direction of this question, and what
course of policy would result in the
amelioration and ultimate elevation,
not only of the colored, but of the
?reat mass of the people of the
baited States. I say, that if I have
not given evidence that I am a friend
of humanity, and especially the friend
of the colored man, in my past con?
duct, there is nothing that I can do
more that would. I repeat, that all
that I possessed-life, liberty, and
property-have been put up m con?
nection with that question, when I
had every inducement held out to
take the other course; by adopting
which I would have accomplished,
perhaps, all that the most ambitious
could have desired.* If I know
myself, and the feelings of my own
heart, they have been for the colored
men. I have owned slaves and
bought slaves, but I never sold one.
I might say, however, that, practi?
cally, so far as my connection with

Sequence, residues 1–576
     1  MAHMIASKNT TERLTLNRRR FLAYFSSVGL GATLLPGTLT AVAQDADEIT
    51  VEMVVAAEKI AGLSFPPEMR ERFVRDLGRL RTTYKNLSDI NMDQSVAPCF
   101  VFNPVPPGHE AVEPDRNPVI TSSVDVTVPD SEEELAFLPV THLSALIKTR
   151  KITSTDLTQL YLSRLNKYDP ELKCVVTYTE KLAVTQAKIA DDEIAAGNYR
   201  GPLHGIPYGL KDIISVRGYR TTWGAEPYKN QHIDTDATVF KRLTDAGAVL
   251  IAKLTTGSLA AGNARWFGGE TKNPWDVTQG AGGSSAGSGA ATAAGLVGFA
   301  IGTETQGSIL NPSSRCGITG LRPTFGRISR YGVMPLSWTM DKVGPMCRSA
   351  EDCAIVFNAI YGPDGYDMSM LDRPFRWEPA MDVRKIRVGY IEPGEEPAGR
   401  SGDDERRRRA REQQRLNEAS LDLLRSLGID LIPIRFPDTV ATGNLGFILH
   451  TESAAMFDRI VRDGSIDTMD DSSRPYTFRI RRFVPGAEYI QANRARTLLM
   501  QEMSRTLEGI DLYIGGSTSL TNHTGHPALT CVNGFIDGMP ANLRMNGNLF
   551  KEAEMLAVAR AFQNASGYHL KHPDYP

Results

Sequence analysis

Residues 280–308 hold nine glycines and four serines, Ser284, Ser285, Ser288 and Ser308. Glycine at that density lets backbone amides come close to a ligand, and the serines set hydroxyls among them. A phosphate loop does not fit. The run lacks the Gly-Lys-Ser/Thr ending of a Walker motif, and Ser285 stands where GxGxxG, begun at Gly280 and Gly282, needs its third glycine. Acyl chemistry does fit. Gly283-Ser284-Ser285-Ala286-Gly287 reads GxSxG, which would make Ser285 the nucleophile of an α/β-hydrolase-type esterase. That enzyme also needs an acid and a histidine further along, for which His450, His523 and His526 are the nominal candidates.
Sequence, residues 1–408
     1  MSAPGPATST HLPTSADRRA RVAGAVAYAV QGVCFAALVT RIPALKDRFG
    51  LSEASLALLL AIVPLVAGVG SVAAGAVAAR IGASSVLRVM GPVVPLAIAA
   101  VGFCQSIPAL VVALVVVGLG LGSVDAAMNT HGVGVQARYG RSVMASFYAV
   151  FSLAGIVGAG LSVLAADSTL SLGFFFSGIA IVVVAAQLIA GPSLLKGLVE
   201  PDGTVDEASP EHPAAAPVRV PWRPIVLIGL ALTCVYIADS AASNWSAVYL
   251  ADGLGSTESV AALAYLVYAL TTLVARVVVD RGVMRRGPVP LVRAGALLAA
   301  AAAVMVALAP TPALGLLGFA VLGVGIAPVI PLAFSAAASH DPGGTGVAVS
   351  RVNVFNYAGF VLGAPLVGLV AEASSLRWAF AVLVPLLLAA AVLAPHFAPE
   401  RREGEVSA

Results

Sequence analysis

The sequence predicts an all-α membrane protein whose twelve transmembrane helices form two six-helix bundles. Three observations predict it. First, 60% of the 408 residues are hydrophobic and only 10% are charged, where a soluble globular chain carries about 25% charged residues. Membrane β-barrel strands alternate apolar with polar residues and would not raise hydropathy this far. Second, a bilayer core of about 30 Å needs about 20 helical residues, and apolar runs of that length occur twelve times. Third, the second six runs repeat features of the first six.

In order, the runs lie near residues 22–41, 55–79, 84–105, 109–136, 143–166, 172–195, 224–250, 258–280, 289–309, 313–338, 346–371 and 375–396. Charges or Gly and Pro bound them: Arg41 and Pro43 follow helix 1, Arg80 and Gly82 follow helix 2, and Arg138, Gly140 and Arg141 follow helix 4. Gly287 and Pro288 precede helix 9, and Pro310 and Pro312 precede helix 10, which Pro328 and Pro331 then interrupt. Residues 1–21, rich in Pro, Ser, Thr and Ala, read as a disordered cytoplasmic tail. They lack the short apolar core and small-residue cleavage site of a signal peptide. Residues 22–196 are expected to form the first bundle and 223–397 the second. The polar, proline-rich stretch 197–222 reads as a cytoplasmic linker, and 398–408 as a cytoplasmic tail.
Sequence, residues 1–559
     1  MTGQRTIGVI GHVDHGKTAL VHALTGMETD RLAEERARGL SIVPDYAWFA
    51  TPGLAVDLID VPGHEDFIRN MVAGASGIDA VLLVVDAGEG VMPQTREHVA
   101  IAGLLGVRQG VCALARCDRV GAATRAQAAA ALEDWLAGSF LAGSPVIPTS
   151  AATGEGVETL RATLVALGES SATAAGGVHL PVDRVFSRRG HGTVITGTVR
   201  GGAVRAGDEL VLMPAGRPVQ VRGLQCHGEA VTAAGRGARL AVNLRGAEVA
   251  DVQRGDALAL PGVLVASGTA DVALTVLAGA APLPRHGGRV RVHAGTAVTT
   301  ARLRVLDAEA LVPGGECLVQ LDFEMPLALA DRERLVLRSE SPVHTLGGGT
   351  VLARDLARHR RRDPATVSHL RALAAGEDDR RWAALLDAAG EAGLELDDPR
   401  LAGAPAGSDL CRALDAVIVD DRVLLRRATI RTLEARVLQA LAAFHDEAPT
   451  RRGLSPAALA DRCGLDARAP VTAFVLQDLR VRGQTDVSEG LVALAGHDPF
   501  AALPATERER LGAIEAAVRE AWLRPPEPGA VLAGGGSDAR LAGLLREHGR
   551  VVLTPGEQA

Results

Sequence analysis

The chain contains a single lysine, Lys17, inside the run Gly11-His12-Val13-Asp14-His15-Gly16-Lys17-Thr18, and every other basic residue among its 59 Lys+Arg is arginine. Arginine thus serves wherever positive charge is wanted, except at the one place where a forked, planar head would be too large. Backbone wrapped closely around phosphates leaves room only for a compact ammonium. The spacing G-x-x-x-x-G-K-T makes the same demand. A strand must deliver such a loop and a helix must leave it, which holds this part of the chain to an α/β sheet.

slaves has gone, I havo been their
slave instead of their being mine.
Some have even followed me here,
while others are occupying and enjoy?
ing my property with my consent.
For the colored race, my means, my
time, my all, have been perilled; and
now, at this late day, after giving
evidence that is tangible, that is prac?
tical, I am free to say to you that I
do not like to be arraigned by some
who can get np handsomely-rounded
periods and deal in rhetorical talk
about abstract ideas of liberty, who
never perilled life, liberty, or pro?
perty. This kind of theoretical, hol?
low, unpractical friendship amounts
Jo but very little. "While I say that I
am a friena to the colored man, I do
not want to adopt a policy that I
believe will end in a contest between
the races, which, if persisted in, will
result in the extermination of one or
the other. God forbid that I should
be engaged in such a work.
Now, it is best to talk practically
and in a common sense way. Yes, I
have said, and I repeat here, that if
the colored men in the United States
could find no other Moses, or any
Moses that would be more able and
efficient than myself, I would be his
Moses to lead him from bondage to
freedom; that I would pass him from
a land where he had lived in slavery
to a laud-if it were in our reach-of
freedom. Yes, I would be willing to
pass with lum throughout the Red
Sea and the Land of Promise to the
land of liberty. But I am not will?
ing, under either circumstance, to
adopt a policy which I believe will
only result in the sacrifice of Ids life